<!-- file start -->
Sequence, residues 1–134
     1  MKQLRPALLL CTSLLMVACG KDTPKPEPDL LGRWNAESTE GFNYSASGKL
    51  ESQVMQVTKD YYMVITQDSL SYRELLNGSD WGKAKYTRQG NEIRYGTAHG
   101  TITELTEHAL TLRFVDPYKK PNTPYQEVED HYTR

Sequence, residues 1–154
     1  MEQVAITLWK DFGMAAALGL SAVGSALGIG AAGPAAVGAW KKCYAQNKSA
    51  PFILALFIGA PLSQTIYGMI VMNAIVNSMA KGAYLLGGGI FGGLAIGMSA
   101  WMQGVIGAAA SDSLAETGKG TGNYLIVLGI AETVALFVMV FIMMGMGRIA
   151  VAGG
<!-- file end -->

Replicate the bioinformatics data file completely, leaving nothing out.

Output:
Sequence, residues 1–134
     1  MKQLRPALLL CTSLLMVACG KDTPKPEPDL LGRWNAESTE GFNYSASGKL
    51  ESQVMQVTKD YYMVITQDSL SYRELLNGSD WGKAKYTRQG NEIRYGTAHG
   101  TITELTEHAL TLRFVDPYKK PNTPYQEVED HYTR

Sequence, residues 1–154
     1  MEQVAITLWK DFGMAAALGL SAVGSALGIG AAGPAAVGAW KKCYAQNKSA
    51  PFILALFIGA PLSQTIYGMI VMNAIVNSMA KGAYLLGGGI FGGLAIGMSA
   101  WMQGVIGAAA SDSLAETGKG TGNYLIVLGI AETVALFVMV FIMMGMGRIA
   151  VAGG